Does your dog cower during thunderstorms? Does he shake and drool, whine or become clingy?
Thunderphobia is a common issue, affecting many breeds. Thunderstorms typically cause anxiety in dogs like the sound of thunderstorms or the sight of lightning is frightening. If your dog appears anxious or frightened when thunderstorms approach, make sure your dog has some protection.
Frightened dogs may approach the source of the noise, such as you, or bolt. A thunderstorm can sound like a loud thunderclap or a series of loud, thunderous booms. Your dog may also panic if the storm occurs near the time of day when thunderstorms are most common, such as at night.
If your dog’s fear or anxiety is more intense, you may need to approach your dog and gently reassure him. You might even need to hold him down so he is not able to run away or bolt.
Create an indoor safe space for them to retreat
You can also provide your dog with a safe room where he feels protected. Put anything inside this room that will make him feel more at ease, such as calming music, pheromone products, toys, and safe chew items. Make the area dark so it is not frightening for your dog. You may want to use a baby gate to control access.
Safe chewable toys that are not easily destroyed and that will last throughout the entire duration of the thunderstorm will help keep your dog busy and distracted from the storm.
It is important to keep your dog away from any windows, so he does not see or hear anything that may alarm him. You can place a couch in front of a window for this purpose, if necessary. If you use a baby gate to control access to other parts of the house, make sure to leave your dog enough space to stand up, lie down and move around comfortably.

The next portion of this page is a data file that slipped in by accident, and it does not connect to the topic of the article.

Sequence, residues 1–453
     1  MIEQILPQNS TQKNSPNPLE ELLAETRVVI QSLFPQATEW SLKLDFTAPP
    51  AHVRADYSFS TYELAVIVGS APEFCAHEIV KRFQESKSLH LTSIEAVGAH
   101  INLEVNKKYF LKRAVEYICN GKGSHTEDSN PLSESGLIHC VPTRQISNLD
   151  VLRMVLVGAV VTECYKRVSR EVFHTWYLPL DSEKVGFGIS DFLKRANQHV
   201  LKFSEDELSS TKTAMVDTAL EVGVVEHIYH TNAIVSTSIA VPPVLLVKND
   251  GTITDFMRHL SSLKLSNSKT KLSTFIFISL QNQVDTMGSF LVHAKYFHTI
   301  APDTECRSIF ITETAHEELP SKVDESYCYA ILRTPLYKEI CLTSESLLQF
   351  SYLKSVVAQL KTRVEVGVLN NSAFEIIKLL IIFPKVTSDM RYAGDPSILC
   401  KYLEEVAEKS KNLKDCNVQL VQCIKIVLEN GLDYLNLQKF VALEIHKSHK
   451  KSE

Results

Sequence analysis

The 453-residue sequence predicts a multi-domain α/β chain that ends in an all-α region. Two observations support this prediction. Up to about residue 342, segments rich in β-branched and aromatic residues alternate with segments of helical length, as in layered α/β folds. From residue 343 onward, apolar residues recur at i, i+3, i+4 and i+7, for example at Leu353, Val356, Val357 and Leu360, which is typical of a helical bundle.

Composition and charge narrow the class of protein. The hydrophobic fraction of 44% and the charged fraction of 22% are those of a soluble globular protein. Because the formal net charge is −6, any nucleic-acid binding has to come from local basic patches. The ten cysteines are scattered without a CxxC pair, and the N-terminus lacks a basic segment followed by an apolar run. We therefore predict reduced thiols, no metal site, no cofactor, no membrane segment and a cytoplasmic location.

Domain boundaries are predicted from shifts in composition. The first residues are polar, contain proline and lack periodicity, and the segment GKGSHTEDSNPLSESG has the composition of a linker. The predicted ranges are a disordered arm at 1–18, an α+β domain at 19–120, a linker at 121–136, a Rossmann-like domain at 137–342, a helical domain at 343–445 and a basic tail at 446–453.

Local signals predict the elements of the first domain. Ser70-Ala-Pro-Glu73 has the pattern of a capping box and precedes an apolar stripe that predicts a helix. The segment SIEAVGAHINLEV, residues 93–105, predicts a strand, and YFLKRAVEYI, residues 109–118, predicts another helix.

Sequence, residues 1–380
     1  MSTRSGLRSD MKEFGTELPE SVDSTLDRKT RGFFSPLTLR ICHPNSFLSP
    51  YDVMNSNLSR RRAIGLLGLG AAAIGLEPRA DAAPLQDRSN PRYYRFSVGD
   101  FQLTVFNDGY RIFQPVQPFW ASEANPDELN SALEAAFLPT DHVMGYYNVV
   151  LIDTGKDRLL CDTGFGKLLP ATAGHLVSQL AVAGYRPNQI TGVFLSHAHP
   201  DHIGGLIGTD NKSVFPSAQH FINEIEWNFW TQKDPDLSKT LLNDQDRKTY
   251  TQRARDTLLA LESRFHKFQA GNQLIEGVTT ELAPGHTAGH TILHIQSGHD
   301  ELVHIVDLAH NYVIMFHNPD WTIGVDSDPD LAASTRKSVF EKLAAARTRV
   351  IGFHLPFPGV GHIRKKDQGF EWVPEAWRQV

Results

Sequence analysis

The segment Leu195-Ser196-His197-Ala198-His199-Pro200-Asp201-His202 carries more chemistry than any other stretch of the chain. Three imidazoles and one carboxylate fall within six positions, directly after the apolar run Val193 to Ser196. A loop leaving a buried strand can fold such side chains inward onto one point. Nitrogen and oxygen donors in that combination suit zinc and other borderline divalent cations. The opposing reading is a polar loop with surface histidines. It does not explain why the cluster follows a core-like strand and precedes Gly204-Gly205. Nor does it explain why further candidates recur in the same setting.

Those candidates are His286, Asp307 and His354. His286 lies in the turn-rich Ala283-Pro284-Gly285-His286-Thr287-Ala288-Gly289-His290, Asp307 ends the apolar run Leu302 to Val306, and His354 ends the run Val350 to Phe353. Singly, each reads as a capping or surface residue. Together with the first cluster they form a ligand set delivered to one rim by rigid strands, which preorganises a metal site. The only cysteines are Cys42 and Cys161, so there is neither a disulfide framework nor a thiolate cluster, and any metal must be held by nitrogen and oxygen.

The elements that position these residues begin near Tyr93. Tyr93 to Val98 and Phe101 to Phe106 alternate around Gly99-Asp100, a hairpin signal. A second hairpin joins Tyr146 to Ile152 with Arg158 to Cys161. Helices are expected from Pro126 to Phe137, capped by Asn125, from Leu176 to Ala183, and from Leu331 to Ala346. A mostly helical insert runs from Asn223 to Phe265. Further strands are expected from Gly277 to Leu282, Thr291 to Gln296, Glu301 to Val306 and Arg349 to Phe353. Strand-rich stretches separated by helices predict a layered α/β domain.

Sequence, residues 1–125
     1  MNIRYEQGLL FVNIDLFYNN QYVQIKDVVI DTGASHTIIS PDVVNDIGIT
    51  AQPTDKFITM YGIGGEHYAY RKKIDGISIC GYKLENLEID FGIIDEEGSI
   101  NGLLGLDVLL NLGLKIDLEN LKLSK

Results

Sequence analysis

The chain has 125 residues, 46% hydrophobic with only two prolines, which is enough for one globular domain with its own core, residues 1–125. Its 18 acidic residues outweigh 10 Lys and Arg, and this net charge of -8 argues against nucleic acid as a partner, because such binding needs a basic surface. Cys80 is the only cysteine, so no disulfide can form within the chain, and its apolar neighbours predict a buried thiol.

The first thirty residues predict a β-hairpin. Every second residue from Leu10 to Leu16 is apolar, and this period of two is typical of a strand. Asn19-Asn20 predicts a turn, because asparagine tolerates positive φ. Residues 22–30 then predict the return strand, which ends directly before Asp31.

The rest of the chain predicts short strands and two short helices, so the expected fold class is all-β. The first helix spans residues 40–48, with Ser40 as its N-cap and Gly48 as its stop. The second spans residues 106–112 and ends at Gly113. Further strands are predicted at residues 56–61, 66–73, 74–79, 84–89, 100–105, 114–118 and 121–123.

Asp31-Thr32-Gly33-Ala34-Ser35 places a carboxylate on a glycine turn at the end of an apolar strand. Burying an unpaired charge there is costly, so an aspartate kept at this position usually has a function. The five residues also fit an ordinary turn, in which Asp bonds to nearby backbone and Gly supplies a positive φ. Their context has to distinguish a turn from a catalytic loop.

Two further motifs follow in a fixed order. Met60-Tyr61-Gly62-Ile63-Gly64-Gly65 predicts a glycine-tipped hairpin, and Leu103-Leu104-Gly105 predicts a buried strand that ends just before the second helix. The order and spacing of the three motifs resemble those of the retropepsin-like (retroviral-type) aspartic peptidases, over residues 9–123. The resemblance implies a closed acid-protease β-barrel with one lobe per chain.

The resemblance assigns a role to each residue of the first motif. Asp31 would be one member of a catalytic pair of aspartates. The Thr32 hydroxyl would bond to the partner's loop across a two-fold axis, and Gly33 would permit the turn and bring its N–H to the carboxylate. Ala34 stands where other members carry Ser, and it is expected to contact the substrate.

Providing a calm, safe, familiar place to your dog is an important part of managing his fear.
Distract from the loud noise
You can also try to distract your dog by playing fun games with him, such as fetch or tug. Exercise has a very beneficial effect on anxious dogs. It is very useful for them to release energy before storms hit.
The best way to prevent your dog from becoming anxious during thunderstorms is to train him in advance. Begin training when you first notice that he becomes nervous when there are thunderclouds around. He will learn that storms are nothing to fear, and will become calm when they appear because he knows it means fun games or cuddles are close by.
To keep them calm during a storm, put your dog on a leash and walk him through the house with soothing music playing in the background. Talk softly to him while you are walking so he becomes habituated to the sound of your voice and human contact.
If your dog is extremely anxious during a thunderstorm, keep him in his safe room with the music and talk to him throughout the storm. The more you can make this a positive experience for him, the better he will do. It’s important to remain calm so that your dog doesn’t get even more nervous because he picks up on your anxiety.
Don’t punish him for exhibiting afraid behaviors; it will only make the problem worse. Avoid sudden movements and be careful how you address your dog during a thunderstorm because this may scare him even more.
If your dog has behavior problems, such as eating his feces or urinating in the house when left alone, make sure these problems are resolved before you train him for thunderstorm management. These issues will only make the fear of storms worse.